feature sets to prepare for model training, tuning, and testing. We dive deep into fea‐ ture selection and transformation in Chapters 5 and 6. In the model training phase, we pick an algorithm and train our model with our training feature set to verify that our model code and algorithm is suited to solve the given problem. We dive deep into model training in Chapter 7. In the model tuning phase, we tune the algorithm hyper-parameters and evaluate model performance against the validation feature set. We repeat these steps—adding more data or changing hyper-parameters as needed—until the model achieves the expected results on the test feature set. These results should be in line with our busi‐ ness objective before pushing the model to production. We dive deep into hyperparameter tuning in Chapter 8. The final stage—moving from prototyping into production—often presents the big‐ gest challenge to data scientists and machine learning practitioners. We dive deep into model deployment in Chapter 9. In Chapter 10, we tie everything together into an automated pipeline. In Chapter 11, we perform data analytics and machine learning on streaming data. Chapter 12 sum‐ marizes best practices for securing data science in the cloud. Once we have built every individual step of our machine learning workflow, we can start automating the steps into a single, repeatable machine learning pipeline. When new data lands in S3, our pipeline reruns with the latest data and pushes the latest model into production to serve our applications. There are several workflow orches‐ tration tools and AWS services available to help us build automated machine learning pipelines.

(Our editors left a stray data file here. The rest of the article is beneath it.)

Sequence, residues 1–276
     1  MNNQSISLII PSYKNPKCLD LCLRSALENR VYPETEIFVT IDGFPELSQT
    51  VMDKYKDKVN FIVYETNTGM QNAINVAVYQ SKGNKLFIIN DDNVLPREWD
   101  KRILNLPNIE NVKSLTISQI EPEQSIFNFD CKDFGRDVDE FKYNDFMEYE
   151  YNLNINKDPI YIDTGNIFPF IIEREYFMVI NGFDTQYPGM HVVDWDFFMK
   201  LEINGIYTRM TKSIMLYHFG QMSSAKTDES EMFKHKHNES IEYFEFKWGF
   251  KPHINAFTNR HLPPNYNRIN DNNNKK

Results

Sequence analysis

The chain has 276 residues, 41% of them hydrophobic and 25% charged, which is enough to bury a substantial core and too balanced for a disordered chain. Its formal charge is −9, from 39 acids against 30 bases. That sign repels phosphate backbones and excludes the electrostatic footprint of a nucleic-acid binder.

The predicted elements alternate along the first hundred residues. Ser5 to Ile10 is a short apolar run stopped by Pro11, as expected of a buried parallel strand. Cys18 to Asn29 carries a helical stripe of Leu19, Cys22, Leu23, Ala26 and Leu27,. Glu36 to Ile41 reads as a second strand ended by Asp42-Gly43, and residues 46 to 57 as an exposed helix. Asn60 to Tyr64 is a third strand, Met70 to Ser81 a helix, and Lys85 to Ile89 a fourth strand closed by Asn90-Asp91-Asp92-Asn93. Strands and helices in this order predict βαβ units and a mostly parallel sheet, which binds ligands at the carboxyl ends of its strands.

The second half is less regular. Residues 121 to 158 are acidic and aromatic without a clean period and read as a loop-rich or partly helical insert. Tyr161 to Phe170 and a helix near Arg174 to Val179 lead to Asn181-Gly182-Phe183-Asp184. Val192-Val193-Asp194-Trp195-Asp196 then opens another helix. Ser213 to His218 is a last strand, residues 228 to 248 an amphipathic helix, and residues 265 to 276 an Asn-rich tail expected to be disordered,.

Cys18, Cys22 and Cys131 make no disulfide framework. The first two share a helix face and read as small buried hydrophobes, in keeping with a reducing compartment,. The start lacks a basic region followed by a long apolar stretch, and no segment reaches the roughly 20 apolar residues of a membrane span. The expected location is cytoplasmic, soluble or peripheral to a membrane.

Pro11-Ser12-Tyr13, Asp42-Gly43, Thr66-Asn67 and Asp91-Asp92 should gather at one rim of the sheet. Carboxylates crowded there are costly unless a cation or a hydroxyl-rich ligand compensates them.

Amazon SageMaker Pipelines Amazon SageMaker Pipelines are the standard, full-featured, and most complete way to implement AI and machine learning pipelines on Amazon SageMaker. SageMaker Pipelines have integration with SageMaker Feature Store, SageMaker Data Wrangler, SageMaker Processing Jobs, SageMaker Training Jobs, SageMaker Hyper-Parameter Tuning Jobs, SageMaker Model Registry, SageMaker Batch Transform, and Sage‐ Maker Model Endpoints, which we discuss throughout the book. We will dive deep into managed SageMaker Pipelines in Chapter 10 along with discussions on how to build pipelines with AWS Step Functions, Kubeflow Pipelines, Apache Airflow, MLflow, TFX, and human-in-the-loop workflows.